It remains unclear whether Afghan forces are ready to bear a heavier security load.
But Tom Gouttierre says that will also never be known unless the Afghan army and police are given the opportunity to rise to the challenge. That's why UNO's renowned Afghanistan expert said he supports the troop reduction that President Barack Obama laid out in his State of the Union address Tuesday night.
Obama said troops in Afghanistan would be drawn down from the current 66,000 to about 32,000 over the next year. It's part of the previously announced plan to wind down America's longest war by the end of 2014.
“Our footprint is just too big right now,” said Gouttierre, director of the University of Nebraska at Omaha's Center for Afghan Studies. “I support the idea of setting benchmarks, as Obama has, and meeting those. It would advance our interests to do that.”
Of greater concern for Gouttierre and others is the size and type of force that will be left behind in the country after 2014. Obama's speech did not detail those plans, which reportedly are still being finalized.
But the Washington Post reported that the Pentagon is pushing a plan to get troop levels in Afghanistan down to 8,000 at the conclusion of the U.S. combat role, and then to shrink that contingent over the following couple of years.
One option on the table would reduce troop levels to under 1,000 by 2017, the newspaper reported.
Sen. Deb Fischer, R-Neb., blasted suggestions that such a small residual force could remain. Fischer, who visited Afghanistan last month, said the generals she spoke to talked of a residual force of more than 13,000, and certainly no fewer than 9,000.
“It seems pretty clear to me that what the White House is saying is they're giving up on Afghanistan and don't care,” Fischer said. “I want to make sure that we have a force there that is able to maintain a mission.”
To do less would be dangerous and call into question the sacrifices of U.S. soldiers and their families, she said.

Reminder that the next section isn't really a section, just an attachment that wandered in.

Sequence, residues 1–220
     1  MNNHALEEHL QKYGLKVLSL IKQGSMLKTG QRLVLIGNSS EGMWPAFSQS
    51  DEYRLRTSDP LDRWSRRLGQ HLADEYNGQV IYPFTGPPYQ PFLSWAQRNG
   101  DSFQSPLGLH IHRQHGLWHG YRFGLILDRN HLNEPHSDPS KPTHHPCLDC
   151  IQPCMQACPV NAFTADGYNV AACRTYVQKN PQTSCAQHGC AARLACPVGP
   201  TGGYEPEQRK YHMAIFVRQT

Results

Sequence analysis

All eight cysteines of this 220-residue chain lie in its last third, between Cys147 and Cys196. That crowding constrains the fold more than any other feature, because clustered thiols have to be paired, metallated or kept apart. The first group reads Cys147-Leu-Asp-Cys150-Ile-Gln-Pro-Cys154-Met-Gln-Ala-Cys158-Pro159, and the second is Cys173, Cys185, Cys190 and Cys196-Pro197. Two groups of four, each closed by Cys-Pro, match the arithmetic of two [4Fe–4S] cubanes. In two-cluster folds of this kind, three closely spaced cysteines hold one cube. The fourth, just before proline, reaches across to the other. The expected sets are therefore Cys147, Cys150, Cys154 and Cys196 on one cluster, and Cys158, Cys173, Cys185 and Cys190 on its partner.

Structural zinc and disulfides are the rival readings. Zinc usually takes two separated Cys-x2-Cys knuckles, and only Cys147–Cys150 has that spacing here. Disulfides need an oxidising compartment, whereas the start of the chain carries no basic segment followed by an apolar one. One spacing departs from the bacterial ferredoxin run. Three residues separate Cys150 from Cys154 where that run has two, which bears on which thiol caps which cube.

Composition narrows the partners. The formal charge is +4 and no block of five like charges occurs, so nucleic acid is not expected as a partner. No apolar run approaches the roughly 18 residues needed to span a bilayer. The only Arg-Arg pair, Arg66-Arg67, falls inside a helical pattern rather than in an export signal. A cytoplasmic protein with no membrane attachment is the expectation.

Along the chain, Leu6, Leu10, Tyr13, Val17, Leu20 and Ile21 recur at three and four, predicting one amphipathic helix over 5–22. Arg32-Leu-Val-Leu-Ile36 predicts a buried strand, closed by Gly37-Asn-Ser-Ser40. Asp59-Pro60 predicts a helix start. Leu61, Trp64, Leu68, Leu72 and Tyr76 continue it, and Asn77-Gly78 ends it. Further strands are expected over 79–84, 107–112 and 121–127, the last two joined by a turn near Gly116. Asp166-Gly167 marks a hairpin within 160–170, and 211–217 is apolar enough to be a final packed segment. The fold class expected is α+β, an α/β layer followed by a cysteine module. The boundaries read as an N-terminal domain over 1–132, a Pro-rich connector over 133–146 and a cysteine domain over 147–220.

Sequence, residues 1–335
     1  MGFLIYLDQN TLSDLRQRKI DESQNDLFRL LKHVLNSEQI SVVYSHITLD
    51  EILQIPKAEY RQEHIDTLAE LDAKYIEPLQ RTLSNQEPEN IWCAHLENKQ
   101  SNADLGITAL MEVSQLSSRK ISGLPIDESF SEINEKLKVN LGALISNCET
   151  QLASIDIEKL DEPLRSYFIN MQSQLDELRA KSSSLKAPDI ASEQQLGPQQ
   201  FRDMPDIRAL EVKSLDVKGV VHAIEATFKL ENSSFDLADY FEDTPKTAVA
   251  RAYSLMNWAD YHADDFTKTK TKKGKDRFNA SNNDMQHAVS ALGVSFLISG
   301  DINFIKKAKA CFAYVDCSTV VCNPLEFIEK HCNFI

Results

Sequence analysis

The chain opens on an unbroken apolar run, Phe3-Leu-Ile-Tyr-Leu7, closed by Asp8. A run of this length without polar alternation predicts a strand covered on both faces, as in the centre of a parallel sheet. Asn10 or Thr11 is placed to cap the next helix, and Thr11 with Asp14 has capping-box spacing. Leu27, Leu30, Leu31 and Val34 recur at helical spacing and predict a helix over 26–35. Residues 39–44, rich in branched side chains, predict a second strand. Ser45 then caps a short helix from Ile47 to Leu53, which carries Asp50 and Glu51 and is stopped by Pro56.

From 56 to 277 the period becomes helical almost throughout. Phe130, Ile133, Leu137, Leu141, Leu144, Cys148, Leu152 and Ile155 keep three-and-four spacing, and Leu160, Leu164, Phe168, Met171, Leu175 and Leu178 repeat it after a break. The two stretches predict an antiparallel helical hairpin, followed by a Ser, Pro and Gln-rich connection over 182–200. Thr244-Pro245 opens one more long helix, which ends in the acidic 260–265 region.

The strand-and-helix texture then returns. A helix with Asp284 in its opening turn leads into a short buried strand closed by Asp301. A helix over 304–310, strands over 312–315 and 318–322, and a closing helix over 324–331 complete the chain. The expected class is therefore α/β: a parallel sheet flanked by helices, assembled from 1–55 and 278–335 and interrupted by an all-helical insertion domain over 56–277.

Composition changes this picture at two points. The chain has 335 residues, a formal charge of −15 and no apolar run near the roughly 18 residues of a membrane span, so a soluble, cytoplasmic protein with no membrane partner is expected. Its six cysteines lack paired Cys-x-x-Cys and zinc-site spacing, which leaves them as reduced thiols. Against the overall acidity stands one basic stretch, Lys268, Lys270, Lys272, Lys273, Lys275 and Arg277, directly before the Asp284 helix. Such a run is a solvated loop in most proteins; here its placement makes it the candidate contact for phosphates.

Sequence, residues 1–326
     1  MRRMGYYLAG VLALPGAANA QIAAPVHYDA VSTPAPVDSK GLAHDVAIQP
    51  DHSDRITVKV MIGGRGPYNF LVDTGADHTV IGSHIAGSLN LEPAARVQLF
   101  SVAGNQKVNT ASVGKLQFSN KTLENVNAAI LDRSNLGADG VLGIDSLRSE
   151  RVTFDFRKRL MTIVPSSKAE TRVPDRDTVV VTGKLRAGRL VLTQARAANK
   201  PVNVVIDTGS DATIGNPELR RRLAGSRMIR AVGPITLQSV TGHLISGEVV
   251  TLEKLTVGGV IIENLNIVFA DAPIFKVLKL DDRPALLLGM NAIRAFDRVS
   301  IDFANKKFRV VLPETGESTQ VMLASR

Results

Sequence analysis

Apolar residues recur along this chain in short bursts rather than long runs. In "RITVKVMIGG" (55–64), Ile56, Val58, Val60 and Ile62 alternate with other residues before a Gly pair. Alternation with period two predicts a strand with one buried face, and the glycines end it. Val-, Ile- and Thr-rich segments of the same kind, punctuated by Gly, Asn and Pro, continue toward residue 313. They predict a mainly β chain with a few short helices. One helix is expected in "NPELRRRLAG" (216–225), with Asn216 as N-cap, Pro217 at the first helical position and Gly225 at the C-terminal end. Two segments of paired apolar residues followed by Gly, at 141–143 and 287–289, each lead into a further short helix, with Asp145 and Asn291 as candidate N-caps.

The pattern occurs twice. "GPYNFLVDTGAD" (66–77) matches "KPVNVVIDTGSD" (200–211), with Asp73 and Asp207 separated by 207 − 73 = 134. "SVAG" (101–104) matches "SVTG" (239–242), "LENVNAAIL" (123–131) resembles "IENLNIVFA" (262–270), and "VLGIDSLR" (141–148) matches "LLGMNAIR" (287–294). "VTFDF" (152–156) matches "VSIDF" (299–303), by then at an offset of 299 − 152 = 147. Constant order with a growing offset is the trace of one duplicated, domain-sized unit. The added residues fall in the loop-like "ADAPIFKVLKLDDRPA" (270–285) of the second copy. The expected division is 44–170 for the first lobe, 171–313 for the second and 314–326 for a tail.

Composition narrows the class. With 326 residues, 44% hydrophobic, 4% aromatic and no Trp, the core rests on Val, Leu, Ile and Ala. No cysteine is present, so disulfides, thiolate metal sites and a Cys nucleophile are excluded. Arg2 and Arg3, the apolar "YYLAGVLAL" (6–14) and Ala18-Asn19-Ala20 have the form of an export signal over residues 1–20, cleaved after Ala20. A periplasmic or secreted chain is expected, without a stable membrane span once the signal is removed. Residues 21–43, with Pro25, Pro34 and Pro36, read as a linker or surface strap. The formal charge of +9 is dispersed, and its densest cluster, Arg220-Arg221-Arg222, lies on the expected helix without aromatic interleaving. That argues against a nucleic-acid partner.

Sen. Mike Johanns, R-Neb., said he's anxious to hear more details about the administration's plans for Afghanistan. He said he wants to make sure that as troops are pulled out, those who remain do not face an impossible situation. “But I'm not automatically opposed,” Johanns said.
While supporting the latest troop drawdown, Gouttierre also emphasized the United States needs to adjust plans as needed and also to maintain a sufficient postwar presence.
Gouttierre said the United States made a tragic mistake two decades ago after aiding the Afghans in their war against the Soviet Union, politically abandoning the region. That led to the rise of the fundamentalists who ultimately harbored and abetted those who attacked the United States on 9/11.
Gouttierre said Afghanistan remains in a volatile position, sandwiched between Iran and Pakistan, and has faced a long history of political meddling from its neighbors. Most Afghan people also would support a continued U.S. presence, he said.
“We would make a major mistake if we don't maintain a friendly, base-oriented relationship within Afghanistan after 2014,” he said. “We are still in Europe how many years after World War II, and we're still in Korea and Japan. We need to remember this is a strategic part of the world.”
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